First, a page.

Monday, November 28, 2016

Did WH Auden "uncloset" Benjamin Britten?

In looking for subjects for this blog, I often rely upon my friends on social media. More people encounter more articles (obviously), but I also appreciate that they possess different knowledge than I do and therefore spot problems that I would probably miss on my own. They also tend to be the type of people who can’t stand when someone is being wrong on the internet and will post that wrong thing to social media so we can all share in the wrongness of the thing. Without that trait, my blog probably wouldn’t exist.

So, when I encountered this post in my feed from UC Riverside musicologist Byron Adams, I had to investigate further:

I asked Dr. Adams to point me toward some context, and he recommended Philip Brett’s essay “Music, Essentialism, and the Closet” from Queering the Pitch: The New Gay and Lesbian Musicology, which is available on Google Books.

While investigating the initial link from Interlude, however, I noticed a major discrepancy between the headline listed on Facebook (“How WH Auden Helped Benjamin Britten Come Out Of The Closet”) and the headline of Georg Predota’s article in the link (“Coming out! Britten, Auden, and Berkeley”). So, my blog post is going to address two separate issues, both of which are timely: 1) historical treatment of LGBTQ+ figures, and 2) the spread of false information through social media.

I’ve addressed LGBTQ+ composers on this blog before, in pointing out how the myth of Tchaikovsky’s suicide attempt reinforces the idea that being gay deserves punishment. I mentioned that most classical music audiences of the 20th century were uncomfortable with homosexuality, and that affected (and continues to affect) the way LGBTQ+ composers are presented. But even I was oversimplifying when I wrote that. Even though the 21st century is more welcoming of a broader range of sexual identities, it is still very difficult to address the sexuality of historical figures because this aspect of their lives has been hidden from public record—often by the person themselves.

American society today (at least, the one I operate in) generally promotes self-expression, being true to yourself, “you do you,” etc., but that is not a universal value. It certainly hasn’t been the case for most of history. While today many segments of society encourage LGBTQ+ people to “come out” and embrace their sexual identity (as it should—there’s a lot to be gained from representation), it would be wrong to impose that standard on people of the past. “Coming out” has historically been quite dangerous—and to many, it still is. So, there’s a problem with a headline that implies that Britten coming out of the closet is an unqualified good thing. Such an attitude erases a history of struggle.

But Britten never really did come out of the closet. He was gay, and he had a long-term relationship with his partner/muse, tenor Peter Pears. Britten’s sexuality was an “open secret”: known by many, but never publicly acknowledged (much like, say, Anderson Cooper until recently). As Brett explains in his essay,
His not acknowledging his homosexual identity in so many words, though it was universally known by some sort of bush telegraph, allowed him to maneuver effectively in British society…. [I]t gave him social and business advantages, allowing him to pursue a highly successful career as an entrepreneur, to be on warm terms with the royal familv, and to collect his nation's top set of honors (18-19).
If Britten admitted to being gay, he would be considered a sexual deviant and a criminal. By never making that aspect of his life public, he could lead a fulfilling life. If Britten did that today, no doubt some would consider him dishonest or even hypocritical, denying his true identity for his own benefit. That would be unfairly expecting him to conform to today’s standards.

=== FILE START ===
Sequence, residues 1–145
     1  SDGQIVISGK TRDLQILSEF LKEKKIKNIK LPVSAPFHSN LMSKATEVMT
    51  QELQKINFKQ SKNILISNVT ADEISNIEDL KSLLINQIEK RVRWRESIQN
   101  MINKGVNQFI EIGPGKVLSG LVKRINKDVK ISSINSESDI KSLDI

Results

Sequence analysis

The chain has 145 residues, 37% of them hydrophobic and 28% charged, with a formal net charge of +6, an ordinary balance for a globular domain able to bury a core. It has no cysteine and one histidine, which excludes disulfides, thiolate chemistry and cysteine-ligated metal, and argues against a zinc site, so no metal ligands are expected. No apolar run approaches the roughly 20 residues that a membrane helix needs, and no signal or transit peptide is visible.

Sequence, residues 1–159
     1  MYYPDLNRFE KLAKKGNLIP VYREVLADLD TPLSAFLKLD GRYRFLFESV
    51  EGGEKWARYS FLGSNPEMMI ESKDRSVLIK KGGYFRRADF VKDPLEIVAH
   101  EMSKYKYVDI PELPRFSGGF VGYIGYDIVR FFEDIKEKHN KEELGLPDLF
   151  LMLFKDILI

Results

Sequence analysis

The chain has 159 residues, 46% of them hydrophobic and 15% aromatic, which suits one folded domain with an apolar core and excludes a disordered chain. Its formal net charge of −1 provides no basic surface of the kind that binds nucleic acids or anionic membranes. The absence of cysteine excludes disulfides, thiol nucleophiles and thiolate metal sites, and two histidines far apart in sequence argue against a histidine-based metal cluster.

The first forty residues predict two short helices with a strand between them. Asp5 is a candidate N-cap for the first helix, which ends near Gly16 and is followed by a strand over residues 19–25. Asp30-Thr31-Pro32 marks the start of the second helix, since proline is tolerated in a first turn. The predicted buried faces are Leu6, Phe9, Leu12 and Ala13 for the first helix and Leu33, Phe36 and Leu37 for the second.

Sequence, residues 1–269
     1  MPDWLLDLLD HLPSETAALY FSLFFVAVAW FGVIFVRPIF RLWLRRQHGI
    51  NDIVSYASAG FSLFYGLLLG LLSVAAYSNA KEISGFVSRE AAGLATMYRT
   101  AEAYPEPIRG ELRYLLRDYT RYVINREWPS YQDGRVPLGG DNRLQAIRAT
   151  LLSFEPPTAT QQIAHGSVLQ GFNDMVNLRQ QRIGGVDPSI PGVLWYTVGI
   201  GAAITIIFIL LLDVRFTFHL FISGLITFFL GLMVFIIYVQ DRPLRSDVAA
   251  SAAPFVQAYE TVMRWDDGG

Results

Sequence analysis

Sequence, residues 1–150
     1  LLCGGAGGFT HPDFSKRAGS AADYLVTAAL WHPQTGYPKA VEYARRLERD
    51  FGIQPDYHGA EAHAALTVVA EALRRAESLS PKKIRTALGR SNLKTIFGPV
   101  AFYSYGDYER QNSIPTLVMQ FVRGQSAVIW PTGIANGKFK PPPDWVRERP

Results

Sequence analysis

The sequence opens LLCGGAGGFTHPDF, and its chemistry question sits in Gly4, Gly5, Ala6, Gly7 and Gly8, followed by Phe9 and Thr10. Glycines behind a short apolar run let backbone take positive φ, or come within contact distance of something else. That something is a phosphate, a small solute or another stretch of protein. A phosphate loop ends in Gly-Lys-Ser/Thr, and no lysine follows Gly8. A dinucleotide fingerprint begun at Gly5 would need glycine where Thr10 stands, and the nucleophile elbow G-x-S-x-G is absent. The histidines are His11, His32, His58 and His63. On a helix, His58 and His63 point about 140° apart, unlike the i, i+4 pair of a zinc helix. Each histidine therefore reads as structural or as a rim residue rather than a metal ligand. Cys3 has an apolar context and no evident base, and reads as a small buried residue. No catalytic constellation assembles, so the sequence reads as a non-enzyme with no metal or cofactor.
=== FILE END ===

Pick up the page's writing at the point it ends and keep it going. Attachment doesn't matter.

Britten’s society, however, placed more value on discretion than self-expression. Brett explains:
Britten tapped a peculiar characteristic of British society that allows any kind of social deviance and ambiguity so long as it is not named, is not published, and does not make claims against the behavioral norm (19).
Not only is Britten from a different era, he’s from a country that has historically encouraged emotional restraint. Britten was playing by a different rulebook, one in which the public and private lives were considered separately. So long as he acted properly in public, he was an acceptable public figure. As Britten scholar Imani Mosley reminded me, this British tendency to overlook private deviance extended beyond sexuality: Britten was also a pacifist, but he likewise did not draw attention to his politics. His colleague, composer Michael Tippett, was more outspokenly pacifistic, and was consequently imprisoned. (Tippett was also gay and, unlike Britten, was as open about it as he could be without being illegal; he came out publicly soon after the repeal of the Labouchere Amendment in 1967.)

One of the biggest arguments in favor of public figures coming out of the closet is visibility, showing the world ways that LGBTQ+ people contribute to society. Their contributions prove that their so-called deviance is not harmful and paves the way for greater acceptance in the future…at least, that’s a theory that seems possible now. But Britten would not have been redeemed by his music. For all that Alan Turing contributed to computer science and the British war effort, his society destroyed him for being gay. No doubt Britten would have faced a similar fate.

So, it’s disconcerting as a historian to read Predota’s article presenting “outing” as a positive thing, as though Auden was doing a good deed by trying to provoke Britten to admit his sexuality. Even today, coming out is a sensitive issue, to be handled differently by individuals according to their personal circumstances. It has never been as simple as “Closeted = Bad, Out = Good.” Auden made Britten extremely uncomfortable and disrespected his personal boundaries, behaviors we shouldn’t applaud.